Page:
Working to get my dog to get more serious - Page 24

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by joanro on 19 September 2018 - 20:09

Pragre, you have argued endlessly that training cannot be " disappeared" ! Guess for you it's fluid, like gender is to Hussein.
I'll stick to what I know.

by Prager on 19 September 2018 - 20:09

Susie don't be cryptic.


by Prager on 19 September 2018 - 20:09

Joan, apples, and oranges.   Yes, training - what is learned first ( default) or later  - can not disappear,   but conditioning through extinction does.


by susie on 19 September 2018 - 21:09

So dogs don't LEARN by making use of classical or operant conditioning any more...
We really should stop at this point.

by joanro on 19 September 2018 - 21:09

Pragre, your last post indicates this topic, which is simple, is being over-thought by you. It's getting beyond rediculous.

I'm going to go feed my horses and Anatolians.

by Prager on 19 September 2018 - 21:09

Susie conditioning is achieved through repetition. Conditioning is not necessary for the dog to learn something or have a knowledge of something. That knowledge may be achieved through learning process or it is instinctually inherited. Like dog instinctually knows that smell of food means food. The dog does not need conditioning for that. However I, you, ... same as Pavlov, may condition the dog to salivate when the dog consistently hears the ring of the bell before the food is given because the dog's brain expects food and bunch of automatic ( no thought or decision involved) preparatory actions will happen. They are among others secretion of insulin, endorphin,... and saliva and so on.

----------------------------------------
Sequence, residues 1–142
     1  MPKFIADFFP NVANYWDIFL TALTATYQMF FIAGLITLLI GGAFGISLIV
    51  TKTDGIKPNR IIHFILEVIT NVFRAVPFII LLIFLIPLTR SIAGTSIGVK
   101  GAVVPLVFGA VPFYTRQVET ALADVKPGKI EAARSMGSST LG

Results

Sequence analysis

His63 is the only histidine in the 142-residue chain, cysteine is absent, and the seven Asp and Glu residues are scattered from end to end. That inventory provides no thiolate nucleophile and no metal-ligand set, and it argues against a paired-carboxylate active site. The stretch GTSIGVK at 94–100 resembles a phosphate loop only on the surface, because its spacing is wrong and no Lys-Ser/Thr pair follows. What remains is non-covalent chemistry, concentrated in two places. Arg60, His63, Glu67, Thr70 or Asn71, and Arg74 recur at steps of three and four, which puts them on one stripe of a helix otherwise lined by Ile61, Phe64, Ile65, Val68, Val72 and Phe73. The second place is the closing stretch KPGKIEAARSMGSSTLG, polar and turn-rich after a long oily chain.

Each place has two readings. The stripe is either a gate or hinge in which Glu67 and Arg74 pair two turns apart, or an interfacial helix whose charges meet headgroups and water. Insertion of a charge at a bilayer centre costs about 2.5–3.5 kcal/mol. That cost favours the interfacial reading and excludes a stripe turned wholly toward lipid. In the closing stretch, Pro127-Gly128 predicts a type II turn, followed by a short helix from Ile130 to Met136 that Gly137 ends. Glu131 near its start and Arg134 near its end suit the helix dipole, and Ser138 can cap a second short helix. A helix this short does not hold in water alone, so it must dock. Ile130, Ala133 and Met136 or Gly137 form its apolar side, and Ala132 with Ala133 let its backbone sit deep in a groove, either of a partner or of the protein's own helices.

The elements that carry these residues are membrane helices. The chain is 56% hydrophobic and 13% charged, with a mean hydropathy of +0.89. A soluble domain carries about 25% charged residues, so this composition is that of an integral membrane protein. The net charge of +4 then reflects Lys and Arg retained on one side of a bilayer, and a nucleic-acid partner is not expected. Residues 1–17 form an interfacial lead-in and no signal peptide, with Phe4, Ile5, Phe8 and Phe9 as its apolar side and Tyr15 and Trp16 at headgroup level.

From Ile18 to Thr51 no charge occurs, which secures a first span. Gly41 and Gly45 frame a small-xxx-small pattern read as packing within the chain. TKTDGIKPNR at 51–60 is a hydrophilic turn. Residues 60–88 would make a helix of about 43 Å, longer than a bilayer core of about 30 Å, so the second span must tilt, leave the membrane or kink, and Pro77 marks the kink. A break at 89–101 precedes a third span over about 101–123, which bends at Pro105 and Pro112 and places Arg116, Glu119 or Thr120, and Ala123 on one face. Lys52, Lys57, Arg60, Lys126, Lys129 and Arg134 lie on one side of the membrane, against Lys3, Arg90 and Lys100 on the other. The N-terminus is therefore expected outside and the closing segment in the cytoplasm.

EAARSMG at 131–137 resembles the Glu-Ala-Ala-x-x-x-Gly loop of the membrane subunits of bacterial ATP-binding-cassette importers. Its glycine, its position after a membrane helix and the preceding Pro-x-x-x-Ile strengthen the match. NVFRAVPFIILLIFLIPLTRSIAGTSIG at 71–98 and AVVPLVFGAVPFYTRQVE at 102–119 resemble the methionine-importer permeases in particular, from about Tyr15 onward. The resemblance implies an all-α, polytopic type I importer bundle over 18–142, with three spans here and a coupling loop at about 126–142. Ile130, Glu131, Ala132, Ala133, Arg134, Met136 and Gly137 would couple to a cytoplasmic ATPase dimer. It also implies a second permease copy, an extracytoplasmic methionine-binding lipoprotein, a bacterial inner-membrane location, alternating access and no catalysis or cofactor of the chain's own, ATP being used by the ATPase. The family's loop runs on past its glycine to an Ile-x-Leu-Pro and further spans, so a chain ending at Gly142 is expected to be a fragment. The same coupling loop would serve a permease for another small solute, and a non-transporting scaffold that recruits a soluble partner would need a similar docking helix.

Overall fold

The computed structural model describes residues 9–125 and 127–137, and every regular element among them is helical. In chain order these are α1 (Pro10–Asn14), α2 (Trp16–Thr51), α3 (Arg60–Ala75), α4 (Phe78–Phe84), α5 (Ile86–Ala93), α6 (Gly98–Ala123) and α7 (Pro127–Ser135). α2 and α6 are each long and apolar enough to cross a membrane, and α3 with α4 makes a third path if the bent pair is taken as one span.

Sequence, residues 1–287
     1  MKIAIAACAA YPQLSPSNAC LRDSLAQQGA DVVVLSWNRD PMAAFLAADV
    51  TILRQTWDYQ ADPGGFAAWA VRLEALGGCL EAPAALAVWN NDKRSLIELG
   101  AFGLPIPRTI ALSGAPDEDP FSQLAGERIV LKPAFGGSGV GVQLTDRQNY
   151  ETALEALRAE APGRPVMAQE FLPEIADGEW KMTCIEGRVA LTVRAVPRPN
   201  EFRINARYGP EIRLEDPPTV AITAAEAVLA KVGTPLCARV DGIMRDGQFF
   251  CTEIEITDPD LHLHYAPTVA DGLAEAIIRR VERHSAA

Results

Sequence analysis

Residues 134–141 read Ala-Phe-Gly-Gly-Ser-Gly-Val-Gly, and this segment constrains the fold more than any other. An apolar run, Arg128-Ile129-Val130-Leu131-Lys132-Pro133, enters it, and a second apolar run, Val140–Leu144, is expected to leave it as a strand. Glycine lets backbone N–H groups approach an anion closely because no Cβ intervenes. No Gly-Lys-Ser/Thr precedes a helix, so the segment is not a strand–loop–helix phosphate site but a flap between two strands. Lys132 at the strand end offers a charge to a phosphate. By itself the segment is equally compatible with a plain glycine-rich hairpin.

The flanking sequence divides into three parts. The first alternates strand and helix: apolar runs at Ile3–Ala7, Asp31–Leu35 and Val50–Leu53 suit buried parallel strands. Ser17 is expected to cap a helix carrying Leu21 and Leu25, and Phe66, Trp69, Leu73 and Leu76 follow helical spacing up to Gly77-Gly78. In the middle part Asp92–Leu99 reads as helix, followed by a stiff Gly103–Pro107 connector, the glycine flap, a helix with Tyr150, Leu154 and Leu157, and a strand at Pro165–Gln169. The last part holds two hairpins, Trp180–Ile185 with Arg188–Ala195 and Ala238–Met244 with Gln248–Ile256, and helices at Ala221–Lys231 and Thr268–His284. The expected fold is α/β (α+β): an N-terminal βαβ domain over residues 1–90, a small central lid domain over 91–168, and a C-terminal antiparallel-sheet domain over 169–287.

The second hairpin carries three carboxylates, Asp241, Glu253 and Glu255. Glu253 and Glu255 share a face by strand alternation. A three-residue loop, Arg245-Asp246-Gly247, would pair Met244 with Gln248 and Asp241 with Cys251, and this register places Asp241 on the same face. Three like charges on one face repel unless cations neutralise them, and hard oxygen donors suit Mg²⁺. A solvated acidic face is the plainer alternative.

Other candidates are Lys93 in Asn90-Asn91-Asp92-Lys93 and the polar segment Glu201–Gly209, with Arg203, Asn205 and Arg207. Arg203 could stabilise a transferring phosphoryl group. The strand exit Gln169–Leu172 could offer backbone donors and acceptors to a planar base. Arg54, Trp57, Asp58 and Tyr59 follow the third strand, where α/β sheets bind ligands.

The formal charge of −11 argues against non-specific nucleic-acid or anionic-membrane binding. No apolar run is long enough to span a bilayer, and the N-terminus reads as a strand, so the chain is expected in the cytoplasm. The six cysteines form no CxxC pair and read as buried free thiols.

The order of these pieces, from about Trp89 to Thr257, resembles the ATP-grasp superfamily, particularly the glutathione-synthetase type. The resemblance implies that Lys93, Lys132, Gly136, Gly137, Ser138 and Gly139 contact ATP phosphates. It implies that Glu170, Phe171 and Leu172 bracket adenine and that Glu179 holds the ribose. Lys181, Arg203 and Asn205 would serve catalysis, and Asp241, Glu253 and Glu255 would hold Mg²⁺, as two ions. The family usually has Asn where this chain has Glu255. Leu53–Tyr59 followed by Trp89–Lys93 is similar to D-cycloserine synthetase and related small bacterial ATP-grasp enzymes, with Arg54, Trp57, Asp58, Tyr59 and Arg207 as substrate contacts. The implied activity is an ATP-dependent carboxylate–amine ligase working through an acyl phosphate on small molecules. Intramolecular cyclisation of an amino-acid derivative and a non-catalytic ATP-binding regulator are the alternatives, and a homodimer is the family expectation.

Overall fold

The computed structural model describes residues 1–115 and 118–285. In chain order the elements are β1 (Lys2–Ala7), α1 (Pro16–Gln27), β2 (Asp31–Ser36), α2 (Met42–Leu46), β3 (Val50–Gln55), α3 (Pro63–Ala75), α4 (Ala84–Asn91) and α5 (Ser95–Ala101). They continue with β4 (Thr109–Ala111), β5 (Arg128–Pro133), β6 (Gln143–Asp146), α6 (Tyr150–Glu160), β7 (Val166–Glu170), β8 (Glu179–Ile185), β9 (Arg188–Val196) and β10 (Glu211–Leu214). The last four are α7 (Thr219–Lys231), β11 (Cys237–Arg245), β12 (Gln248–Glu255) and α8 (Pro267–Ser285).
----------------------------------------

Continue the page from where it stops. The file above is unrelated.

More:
Or trainer may teach the dog that when he says SIT then the pressure will come on his but to sit. ( please do not bore me with better methods to train sit this is just an example). Dogs then learners that if he hears SIT! he must make a conscious decision to sit. He has to think about it. This knowledge will not extinct when  the behavior is not repeated. Same as you will never forget that 1+1=2 even if you do not think about it for 50 years.  If the dog is then subjected to 100+ or so ( large number) repetition the dog will get conditioned and will respond automatically meaning he will not have to think about it. In another word, this behavior becomes" Automatic". That is a nature of conditioning. If however, the trainer stops rewarding the dog for his performance then the conditioning will extinct while the knowledge of the behavior is still there - except it is not automatic anymore.  

 In another example, Pavlov's dogs did stop salivating upon NOT being fed after they heard the bell and they would salivate less and less untill they stopped even though Pavlov rang his bell. That is called an extinction of conditioning. 


by susie on 20 September 2018 - 19:09

Instincts are genetically inherited, not "learned" behavior, that said we are able to make use of said instincts by either enforcing, suppressing, or redirecting them ( how? by making use of conditioning 😀).

Teaching the command sit - no "thinking" involved, but conditioning again, be it praise, food, toy, or force.

"Extinction" -

Today's science distinguishes between a lot of different cases of extinction -

- Suppressed, but not lost
- Lost
- Redirected
- Replaced
- and some more,